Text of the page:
In 2006, Guatemala's Congress ratified the Central America Free Trade Agreement (CAFTA). This treaty eliminated most formal trade barriers between the signatories for services as well as goods. The practical effect has been mixed. US corporations have benefited through the ability to penetrate the Guatemala markets, while Guatemala companies have found they win few contracts in the US. In addition, the treaty restricts the ability of signatories like Guatemala to favor the development of local businesses and small farmers over multi-national corporations, or even to ensure that public services--such as security--are delivered by publicly accountable entities. The greatest beneficiaries seem to be US-based multi-national corporations seeking to "out-source" operations to Guatemala and other Central American signatories. They can shut down US plants, move the facilities to Guatemala, hire local workers at rock-bottom wages (with few enforceable labor protections) and avoid expensive environmental regulations. One could argue that Guatemalans do get the jobs, however low-paid. Unfortunately, experience has shown that multi-national corporations can just as easily shut down Guatemala factories and move to countries with even lower labor or environmental standards. Exactly that has happened with many of Mexico's "maquiladora" factories set up along the US border after the passage of the North American Free Trade Agreement (NAFTA). While diverse foreign investment is certainly preferable to United Fruit Company's monopoly, the jury is still out on Guatemala's future under CAFTA.
Tourism is a growing business in Guatemala. Above, the Hotel San Carlos was formerly a stately mansion built in a 19th Century French architectural style. Guatemalans at all levels, from owners of luxury hotels to street vendors, seem almost desperate for tourism to expand. While there, we felt treated like royalty. When our tour started, Jorge would announce on the bus that we were a certain number of minutes from arriving at our next restaurant or hotel, "and the staff is very excited that you are coming." At first we laughed, thinking he was joking with us. However, he was speaking the plain facts. Staff would often come out and greet us at the door, wreathed in smiles and extending warm greetings. The sudden arrival of 42 paying guests was a happy economic jolt. Everywhere we went our every need was treated with almost anxious solicitude. I felt a bit embarrassed at times to be the object of so much attention.
The other end of the scale. Our tour of Guatemala City included passing near large neighborhoods of the poor, built on the sides of the steep ravines that cut through the city. While we were treated like royalty, these people received somewhat less favorable treatment. If they are lucky, workers living in these neighborhoods may have a job at one of the outsourced factories recently departed from Ohio or North Carolina or elsewhere in the US. In addition, 50% of Guatemala's population engages in some form of agriculture, "often at subsistence level outside the monetized economy" according to the US State Department. The demobilization of large numbers of soldiers, as well as much smaller numbers of guerrillas, meant that the labor market at the time was flooded with young men looking for jobs. It is no wonder the crime rate rose, particularly since so many of these young men had become inured to violence.
Yet another side to the city. For all its problems and dark history, Guatemala is full of beauty, both natural and man made. Some of the avenues we traveled were lined with wonderful statues and monuments like this deer (elk?). The Maya have been great craftspeople and artists for thousands of years. There seems to be a growing appreciation of this among non-Maya Guatemalans, and indigenous culture is celebrated everywhere. In addition, there is a growing recognition of the tourist potential this creates, and Guatemala has been working to develop and improve great archaeological sites like Tikal and Quirigua, both of which we visited and will be shown in future segments of this series.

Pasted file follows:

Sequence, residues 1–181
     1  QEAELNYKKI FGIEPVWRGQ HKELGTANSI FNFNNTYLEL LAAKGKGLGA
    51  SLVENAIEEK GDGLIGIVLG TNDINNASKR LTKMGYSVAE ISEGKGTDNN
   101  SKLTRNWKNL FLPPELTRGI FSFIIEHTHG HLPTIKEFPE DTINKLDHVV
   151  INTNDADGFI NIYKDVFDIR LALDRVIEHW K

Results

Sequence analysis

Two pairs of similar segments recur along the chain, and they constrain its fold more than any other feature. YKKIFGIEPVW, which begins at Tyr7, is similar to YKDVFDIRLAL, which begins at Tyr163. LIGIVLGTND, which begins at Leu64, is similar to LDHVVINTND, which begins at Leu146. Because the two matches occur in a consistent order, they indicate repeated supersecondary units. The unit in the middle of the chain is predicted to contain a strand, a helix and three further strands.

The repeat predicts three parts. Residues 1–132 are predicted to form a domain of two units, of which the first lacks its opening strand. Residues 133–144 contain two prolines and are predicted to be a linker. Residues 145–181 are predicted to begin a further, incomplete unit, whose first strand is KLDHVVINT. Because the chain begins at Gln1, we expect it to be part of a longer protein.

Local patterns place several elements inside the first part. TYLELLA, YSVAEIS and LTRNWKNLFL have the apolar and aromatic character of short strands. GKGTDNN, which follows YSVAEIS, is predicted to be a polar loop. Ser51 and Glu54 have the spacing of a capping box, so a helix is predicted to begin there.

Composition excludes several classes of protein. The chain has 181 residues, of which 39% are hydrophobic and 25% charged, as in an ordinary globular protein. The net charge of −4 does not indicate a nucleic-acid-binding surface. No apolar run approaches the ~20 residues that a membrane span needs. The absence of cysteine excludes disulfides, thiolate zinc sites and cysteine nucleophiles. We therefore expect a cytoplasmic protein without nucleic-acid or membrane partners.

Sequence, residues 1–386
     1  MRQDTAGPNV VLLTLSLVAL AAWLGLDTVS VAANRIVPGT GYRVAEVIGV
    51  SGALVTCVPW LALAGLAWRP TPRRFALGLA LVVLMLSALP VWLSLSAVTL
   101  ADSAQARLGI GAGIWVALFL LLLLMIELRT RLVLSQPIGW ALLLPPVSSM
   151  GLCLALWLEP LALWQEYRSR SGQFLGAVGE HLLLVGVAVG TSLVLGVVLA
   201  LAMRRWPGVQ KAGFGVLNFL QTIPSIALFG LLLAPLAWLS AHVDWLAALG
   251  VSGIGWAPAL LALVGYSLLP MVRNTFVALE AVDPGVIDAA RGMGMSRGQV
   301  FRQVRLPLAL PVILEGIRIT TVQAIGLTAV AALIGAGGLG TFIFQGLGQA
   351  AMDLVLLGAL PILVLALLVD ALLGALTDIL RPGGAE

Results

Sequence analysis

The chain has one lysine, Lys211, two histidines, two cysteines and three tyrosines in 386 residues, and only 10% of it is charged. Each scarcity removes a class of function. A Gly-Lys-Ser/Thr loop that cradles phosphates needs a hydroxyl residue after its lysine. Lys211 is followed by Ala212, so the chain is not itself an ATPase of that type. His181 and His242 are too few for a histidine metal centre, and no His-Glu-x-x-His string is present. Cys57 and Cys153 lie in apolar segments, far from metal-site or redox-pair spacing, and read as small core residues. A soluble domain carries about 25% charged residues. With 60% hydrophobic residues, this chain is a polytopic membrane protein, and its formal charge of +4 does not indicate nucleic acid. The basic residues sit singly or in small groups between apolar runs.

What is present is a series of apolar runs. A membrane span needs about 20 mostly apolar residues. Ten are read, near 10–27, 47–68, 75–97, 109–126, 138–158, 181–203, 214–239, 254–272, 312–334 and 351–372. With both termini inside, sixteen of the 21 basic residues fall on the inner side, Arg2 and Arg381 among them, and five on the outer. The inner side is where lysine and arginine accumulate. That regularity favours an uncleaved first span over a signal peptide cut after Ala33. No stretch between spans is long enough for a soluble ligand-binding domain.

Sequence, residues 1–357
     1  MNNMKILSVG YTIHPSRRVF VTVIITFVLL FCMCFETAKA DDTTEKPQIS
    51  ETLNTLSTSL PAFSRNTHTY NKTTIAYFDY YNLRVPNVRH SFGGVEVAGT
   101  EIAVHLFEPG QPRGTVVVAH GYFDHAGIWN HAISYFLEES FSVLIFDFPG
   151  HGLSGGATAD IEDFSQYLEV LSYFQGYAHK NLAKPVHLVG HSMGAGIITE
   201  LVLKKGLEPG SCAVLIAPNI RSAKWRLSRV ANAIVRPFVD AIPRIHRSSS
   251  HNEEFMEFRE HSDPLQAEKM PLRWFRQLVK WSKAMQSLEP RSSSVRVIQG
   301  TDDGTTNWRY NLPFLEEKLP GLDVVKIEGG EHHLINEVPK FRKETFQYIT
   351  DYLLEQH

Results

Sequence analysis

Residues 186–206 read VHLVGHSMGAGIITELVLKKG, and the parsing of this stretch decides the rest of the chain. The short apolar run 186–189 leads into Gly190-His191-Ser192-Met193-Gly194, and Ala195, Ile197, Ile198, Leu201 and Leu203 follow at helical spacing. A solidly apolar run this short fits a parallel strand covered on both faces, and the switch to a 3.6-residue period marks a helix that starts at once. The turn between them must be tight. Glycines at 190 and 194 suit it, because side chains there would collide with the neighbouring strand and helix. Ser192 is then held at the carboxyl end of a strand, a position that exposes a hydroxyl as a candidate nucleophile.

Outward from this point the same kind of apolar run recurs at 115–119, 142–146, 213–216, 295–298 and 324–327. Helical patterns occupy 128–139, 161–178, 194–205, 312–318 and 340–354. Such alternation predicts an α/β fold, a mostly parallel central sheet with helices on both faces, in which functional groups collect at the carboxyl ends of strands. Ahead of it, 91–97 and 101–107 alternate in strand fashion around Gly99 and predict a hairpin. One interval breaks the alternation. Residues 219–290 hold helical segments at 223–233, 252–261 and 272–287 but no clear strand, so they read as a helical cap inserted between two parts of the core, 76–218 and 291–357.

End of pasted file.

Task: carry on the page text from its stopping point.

A pretty girl smiles as she make tortillas, Guatemala-style. She wears a beautifully embroidered huipil (blouse). The tortillas she is making on the griddle are smaller and thicker than the Mexican version to which we have become accustomed. Quite tasty, we thought.
A street vendor chats with private security guards. At first I thought there was some sort of problem, but it seems they were just young guys hanging out, chatting up a girl. Guatemala abounds with street vendors, and in tourist-oriented areas they can be quite aggressive. Jorge warned us that if we were not interested that we should not pretend any interest, even through politeness. Such interest is almost a guaranteed sale in the vendor's mind. I found that a polite but firm "no, gracias", repeated several times if necessary, would do the trick.
Sawdust portrait of a Maya woman draped in finely embroidered clothing. Back at the Hotel Barceló, I took a few more pictures of the sawdust alfombra in the lobby. This is an example of the appreciation Guatemalans are developing for their Maya heritage. The woman wears an embroidered huipil, and carries another embroidered garment over her arm. On her head is a folded cloth, sort of a serape, that doubles as a hat or a wrap if it gets cold.
The real thing. This woman could have stepped right out of the sawdust painting. We encountered her in front of the Palacio Nacional. Our bus halted for a stop light and suddenly there she was, trying to sell to us through our closed windows. If the energy and entrepreneurship of the Maya people could ever be harnessed to their own purposes and benefit and with proper financing, they would "eat the lunch" of a lot of more sophisticated First World people.
This completes Part 1 of my Guatemala series. I apologize for delving so deeply into dark matters, and high-level economic policy. I actually feel very positively about Guatemala, and the rest of this series will show a land of great beauty and cultural richness. However, to fully appreciate the rest of this series, I felt that an understanding of the current and historical context of Guatemala would be vital. I always welcome feedback and comments. If you would like to respond, please do so in the Comments section below, or email me directly.
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Hasta luego, Jim